Third Streaming is pleased to present “Planet of Slums,” an exhibition featuring the work of thirteen contemporary artists who reflect on the rapid changes in urban centers and the rise of megacities across the Global South. Taking its cue from Mike Davis’ book Planet of Slums, the exhibition presents an array of artistic responses to the unprecedented growth of urban populations in the last decades. As Davis points out, urban development and global economies increasingly produce stark levels of gentrification, poverty, environmental degradation, and highly toxic sites, among others. The aforementioned, according to Davis, are ultimately linked to global policies enforced by international financial organizations such as the IMF and the World Bank.
Displaying photography, film, video, drawing, sculpture, and installation works, “Planet of Slums” revolves around both the communal past and individual experiences. The works on display explore, document, and reflect on dilapidated buildings, industrial landscapes, wastelands, as well as the potentiality of public places. In the show, artworks that aim to raise awareness about industrial and natural disasters are seen alongside works that abstract urban histories. Some use documentary tropes to investigate the social and political impacts of man-made disasters, while others capture the fast-paced transformation of urban environments in order to engage the notions of memory, loss, decay, detritus, as well as alienation and vulnerability.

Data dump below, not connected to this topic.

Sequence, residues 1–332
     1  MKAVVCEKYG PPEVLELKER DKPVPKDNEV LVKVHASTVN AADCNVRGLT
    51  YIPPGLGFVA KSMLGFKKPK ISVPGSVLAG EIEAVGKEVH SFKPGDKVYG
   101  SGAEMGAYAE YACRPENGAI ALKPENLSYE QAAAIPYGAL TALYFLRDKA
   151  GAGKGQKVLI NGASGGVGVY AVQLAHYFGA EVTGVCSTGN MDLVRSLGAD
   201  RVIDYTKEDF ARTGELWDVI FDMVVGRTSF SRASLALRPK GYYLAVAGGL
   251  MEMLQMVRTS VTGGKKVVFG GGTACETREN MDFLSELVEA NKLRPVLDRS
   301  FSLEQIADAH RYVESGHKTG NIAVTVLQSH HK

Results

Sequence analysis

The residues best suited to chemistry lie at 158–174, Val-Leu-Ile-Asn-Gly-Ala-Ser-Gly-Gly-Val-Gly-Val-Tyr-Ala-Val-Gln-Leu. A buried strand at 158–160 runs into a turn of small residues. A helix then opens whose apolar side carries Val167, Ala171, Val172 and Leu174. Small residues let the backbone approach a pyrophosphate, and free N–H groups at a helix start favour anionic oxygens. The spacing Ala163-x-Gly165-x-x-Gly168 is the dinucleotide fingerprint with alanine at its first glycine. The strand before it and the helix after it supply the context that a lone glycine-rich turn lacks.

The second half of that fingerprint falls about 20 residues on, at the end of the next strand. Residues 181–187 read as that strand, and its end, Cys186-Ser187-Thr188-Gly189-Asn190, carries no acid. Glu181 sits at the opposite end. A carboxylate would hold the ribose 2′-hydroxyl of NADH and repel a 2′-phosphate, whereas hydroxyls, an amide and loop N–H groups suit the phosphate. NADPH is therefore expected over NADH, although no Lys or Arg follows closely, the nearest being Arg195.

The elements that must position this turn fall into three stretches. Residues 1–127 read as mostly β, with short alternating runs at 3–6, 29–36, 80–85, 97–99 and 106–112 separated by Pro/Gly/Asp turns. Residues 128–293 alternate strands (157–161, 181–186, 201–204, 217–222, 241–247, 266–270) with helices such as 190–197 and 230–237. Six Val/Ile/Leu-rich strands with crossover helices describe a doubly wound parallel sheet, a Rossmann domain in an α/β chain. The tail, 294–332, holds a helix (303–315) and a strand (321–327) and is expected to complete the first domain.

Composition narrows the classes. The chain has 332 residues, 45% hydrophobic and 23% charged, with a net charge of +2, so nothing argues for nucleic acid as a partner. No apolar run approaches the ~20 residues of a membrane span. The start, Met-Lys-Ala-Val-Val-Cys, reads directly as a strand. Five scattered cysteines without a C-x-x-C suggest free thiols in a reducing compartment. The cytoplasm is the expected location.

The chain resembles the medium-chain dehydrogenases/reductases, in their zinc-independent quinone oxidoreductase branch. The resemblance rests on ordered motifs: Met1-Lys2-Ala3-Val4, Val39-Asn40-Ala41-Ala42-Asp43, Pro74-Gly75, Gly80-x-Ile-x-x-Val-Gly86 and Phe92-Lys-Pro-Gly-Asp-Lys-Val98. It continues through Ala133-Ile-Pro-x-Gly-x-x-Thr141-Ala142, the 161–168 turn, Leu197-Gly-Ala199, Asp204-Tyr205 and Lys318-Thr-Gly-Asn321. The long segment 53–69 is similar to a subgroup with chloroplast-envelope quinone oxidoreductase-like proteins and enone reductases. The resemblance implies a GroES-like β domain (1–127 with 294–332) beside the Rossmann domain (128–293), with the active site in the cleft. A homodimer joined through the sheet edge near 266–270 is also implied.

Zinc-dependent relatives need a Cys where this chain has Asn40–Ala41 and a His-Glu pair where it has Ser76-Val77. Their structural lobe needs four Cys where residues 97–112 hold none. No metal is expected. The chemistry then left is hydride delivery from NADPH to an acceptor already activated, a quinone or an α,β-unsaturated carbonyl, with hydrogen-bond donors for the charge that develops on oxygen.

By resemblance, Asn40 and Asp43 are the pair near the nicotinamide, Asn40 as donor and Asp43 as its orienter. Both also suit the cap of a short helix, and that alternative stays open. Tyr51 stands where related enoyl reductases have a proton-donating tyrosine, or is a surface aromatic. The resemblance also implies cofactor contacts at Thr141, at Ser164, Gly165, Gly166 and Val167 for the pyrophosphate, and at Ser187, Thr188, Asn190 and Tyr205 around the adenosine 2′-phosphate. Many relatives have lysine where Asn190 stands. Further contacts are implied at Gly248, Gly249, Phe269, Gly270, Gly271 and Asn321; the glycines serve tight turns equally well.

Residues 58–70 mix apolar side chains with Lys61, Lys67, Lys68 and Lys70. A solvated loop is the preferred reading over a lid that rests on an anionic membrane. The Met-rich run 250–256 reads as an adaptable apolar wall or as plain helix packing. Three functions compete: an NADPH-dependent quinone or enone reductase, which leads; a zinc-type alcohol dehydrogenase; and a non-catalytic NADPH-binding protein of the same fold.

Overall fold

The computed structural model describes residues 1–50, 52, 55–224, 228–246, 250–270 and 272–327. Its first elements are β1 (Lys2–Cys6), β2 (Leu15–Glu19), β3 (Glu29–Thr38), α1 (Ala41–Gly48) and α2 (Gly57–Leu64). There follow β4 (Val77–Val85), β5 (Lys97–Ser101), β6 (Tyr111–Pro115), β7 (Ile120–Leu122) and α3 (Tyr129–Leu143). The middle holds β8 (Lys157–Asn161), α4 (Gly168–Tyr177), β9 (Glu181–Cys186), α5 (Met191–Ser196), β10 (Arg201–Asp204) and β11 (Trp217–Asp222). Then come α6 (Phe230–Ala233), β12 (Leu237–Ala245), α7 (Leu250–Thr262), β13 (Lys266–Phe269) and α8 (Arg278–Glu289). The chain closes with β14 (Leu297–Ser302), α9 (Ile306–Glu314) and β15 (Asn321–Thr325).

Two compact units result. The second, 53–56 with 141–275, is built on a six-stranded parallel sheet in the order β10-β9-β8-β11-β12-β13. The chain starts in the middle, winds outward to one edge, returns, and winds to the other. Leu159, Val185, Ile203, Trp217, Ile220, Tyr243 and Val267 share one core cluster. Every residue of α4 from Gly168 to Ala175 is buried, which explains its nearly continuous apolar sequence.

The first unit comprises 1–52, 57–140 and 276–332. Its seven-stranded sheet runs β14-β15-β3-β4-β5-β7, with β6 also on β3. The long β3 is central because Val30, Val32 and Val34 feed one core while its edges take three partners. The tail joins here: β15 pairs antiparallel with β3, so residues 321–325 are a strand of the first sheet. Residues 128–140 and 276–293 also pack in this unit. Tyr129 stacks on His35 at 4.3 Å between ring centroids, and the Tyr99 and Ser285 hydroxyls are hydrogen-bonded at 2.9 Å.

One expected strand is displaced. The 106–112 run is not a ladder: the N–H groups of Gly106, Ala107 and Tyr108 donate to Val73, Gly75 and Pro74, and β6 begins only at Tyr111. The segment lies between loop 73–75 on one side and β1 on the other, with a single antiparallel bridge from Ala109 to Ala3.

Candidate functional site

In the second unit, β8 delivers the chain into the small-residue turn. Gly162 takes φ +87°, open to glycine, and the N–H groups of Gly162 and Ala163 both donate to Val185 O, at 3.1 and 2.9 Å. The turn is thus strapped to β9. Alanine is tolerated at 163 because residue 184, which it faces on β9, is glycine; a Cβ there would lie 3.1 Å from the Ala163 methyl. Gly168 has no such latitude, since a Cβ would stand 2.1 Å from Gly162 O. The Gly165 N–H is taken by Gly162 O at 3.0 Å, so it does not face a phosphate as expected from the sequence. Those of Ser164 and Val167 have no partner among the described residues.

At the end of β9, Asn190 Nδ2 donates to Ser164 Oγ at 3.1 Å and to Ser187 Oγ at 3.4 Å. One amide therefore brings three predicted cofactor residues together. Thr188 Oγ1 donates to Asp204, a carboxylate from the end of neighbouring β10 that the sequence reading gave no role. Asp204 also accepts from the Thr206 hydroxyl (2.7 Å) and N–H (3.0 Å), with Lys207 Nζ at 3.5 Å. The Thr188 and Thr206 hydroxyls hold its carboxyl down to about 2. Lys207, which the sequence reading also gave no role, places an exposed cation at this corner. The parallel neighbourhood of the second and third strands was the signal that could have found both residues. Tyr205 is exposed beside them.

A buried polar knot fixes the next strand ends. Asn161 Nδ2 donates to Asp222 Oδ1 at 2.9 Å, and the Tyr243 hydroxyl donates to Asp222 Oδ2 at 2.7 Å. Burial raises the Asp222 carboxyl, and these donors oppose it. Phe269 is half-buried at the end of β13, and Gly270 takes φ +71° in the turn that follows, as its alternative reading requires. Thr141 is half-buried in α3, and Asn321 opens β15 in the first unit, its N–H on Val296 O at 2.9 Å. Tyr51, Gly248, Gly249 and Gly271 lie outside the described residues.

"Planet of Slums" seeks to observe the current urban, economic, and social concerns, and suggest artistic propositions to instigate conversations regarding the contemporary landscape, urbanization, social change, and their impacts on people. Film screenings presented jointly with the African Film Festival as well as a series of talks with the curators and invited scholars are scheduled to happen during the run of the show.